After a long, detailed relation of Mehemmed Ali’s rise from an Albanian peasant to tax collector, tobacco merchant, and military leader who successfully led an insurrection that made him the ruler of Egypt, the Britanica article lists the many ways he improved not only the Egyptian army but many other aspects of the country’s government. — George P. Landow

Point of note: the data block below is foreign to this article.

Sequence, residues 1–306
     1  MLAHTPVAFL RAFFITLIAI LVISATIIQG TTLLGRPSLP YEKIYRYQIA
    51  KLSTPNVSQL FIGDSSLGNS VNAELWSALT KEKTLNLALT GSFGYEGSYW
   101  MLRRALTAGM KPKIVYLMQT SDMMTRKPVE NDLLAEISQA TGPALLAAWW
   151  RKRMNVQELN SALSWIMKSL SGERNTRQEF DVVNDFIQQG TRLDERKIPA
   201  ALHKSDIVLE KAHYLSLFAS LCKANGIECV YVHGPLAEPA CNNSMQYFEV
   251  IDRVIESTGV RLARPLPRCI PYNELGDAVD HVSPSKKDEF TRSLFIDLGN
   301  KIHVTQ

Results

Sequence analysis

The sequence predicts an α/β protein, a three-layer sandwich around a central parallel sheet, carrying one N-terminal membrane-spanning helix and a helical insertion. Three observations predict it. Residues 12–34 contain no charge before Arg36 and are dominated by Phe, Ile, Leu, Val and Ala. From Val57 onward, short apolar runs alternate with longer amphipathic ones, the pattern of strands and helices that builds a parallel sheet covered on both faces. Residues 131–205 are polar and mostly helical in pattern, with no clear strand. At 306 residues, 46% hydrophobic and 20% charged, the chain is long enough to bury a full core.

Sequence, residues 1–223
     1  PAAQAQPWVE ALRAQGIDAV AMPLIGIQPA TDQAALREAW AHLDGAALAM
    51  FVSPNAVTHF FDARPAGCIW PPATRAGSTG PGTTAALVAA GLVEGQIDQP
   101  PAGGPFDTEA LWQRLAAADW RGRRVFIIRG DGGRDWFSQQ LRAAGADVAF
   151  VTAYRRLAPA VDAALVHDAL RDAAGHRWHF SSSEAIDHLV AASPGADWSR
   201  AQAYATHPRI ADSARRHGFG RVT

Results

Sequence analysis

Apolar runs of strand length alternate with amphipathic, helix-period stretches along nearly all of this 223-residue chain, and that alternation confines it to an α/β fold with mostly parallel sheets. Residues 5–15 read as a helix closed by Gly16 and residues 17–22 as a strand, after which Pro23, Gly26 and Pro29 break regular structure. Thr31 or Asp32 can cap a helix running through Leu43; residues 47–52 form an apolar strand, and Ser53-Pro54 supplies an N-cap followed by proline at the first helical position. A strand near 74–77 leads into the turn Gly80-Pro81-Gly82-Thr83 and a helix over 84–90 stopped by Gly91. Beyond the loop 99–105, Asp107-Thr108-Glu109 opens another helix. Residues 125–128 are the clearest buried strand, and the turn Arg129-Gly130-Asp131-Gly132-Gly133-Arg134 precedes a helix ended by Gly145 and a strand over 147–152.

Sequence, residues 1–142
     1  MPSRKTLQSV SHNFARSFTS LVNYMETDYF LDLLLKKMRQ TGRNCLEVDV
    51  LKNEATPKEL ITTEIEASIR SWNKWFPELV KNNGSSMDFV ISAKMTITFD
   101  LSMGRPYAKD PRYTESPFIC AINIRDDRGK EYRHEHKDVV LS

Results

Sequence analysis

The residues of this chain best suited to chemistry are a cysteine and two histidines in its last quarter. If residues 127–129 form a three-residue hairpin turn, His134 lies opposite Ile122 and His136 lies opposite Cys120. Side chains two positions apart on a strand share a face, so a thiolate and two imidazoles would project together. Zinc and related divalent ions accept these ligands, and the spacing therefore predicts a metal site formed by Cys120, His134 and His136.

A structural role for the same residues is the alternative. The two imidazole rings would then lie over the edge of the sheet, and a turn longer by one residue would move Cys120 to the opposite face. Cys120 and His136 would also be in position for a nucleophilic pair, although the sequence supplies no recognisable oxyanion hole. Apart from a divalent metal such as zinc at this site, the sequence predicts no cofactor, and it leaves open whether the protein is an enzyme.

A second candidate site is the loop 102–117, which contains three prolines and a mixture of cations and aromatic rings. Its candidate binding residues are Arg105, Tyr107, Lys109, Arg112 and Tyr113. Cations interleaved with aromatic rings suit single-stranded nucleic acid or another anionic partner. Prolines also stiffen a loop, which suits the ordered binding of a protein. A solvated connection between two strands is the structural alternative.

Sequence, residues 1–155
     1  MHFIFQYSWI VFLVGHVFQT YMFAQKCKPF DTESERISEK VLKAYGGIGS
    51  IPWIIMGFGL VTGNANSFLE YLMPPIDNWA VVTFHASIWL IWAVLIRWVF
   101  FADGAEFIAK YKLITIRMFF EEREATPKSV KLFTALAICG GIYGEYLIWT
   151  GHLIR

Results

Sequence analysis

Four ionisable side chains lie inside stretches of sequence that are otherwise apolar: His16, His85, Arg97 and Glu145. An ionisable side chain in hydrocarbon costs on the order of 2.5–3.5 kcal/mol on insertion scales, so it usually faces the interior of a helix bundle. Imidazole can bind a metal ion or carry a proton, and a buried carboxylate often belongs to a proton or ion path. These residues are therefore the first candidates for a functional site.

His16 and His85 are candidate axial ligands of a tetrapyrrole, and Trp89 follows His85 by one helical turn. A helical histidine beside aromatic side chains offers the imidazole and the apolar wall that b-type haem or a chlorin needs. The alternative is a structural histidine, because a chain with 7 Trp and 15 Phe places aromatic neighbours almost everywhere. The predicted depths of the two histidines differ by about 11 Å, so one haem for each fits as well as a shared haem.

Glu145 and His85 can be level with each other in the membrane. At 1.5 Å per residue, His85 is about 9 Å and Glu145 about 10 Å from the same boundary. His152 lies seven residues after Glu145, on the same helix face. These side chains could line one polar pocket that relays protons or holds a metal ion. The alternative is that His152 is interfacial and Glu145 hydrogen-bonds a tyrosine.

The individual by whom all this and more has been accomplished would, even under the most favourable circumstances, have been accounted an extraordinary man; and amongst Turks he is certainly to be regarded as little less than a prodigy. His own greatness, indeed, is the immediate result of a creative power vigorously but skilfully exerted, and almost invariably directed towards the accomplishment of some object calculated to promote im provement and advance civilization; nor has the general policy of his government been less distinguished for ability, address, and energy, than was the conduct of those great measures by means of which he regenerated Egypt, and laid the foundations of his own supremacy. His army alone is a wonderful achievement; his fleet scarcely less so: and if the brilliant victories of the one have rewarded that wisdom which knows how to amend a fault, and that liberality which, when judiciously exercised, is all powerful in its influence on the human mind, the day is probably not distant when the triumphs of the other will cause the flag of Egypt to be alike respected in the Mediterranean and the Indian Ocean. But it is not by the splendour of his winged victories, nor the extent of his rapid conquests, that the name of Mehemmed Ali will be honoured and distinguished. His are much higher and more difficult achievements than mere feats of arms; his is a nobler and more enviable glory than that which is reaped amidst the strife and carnage of the battle field.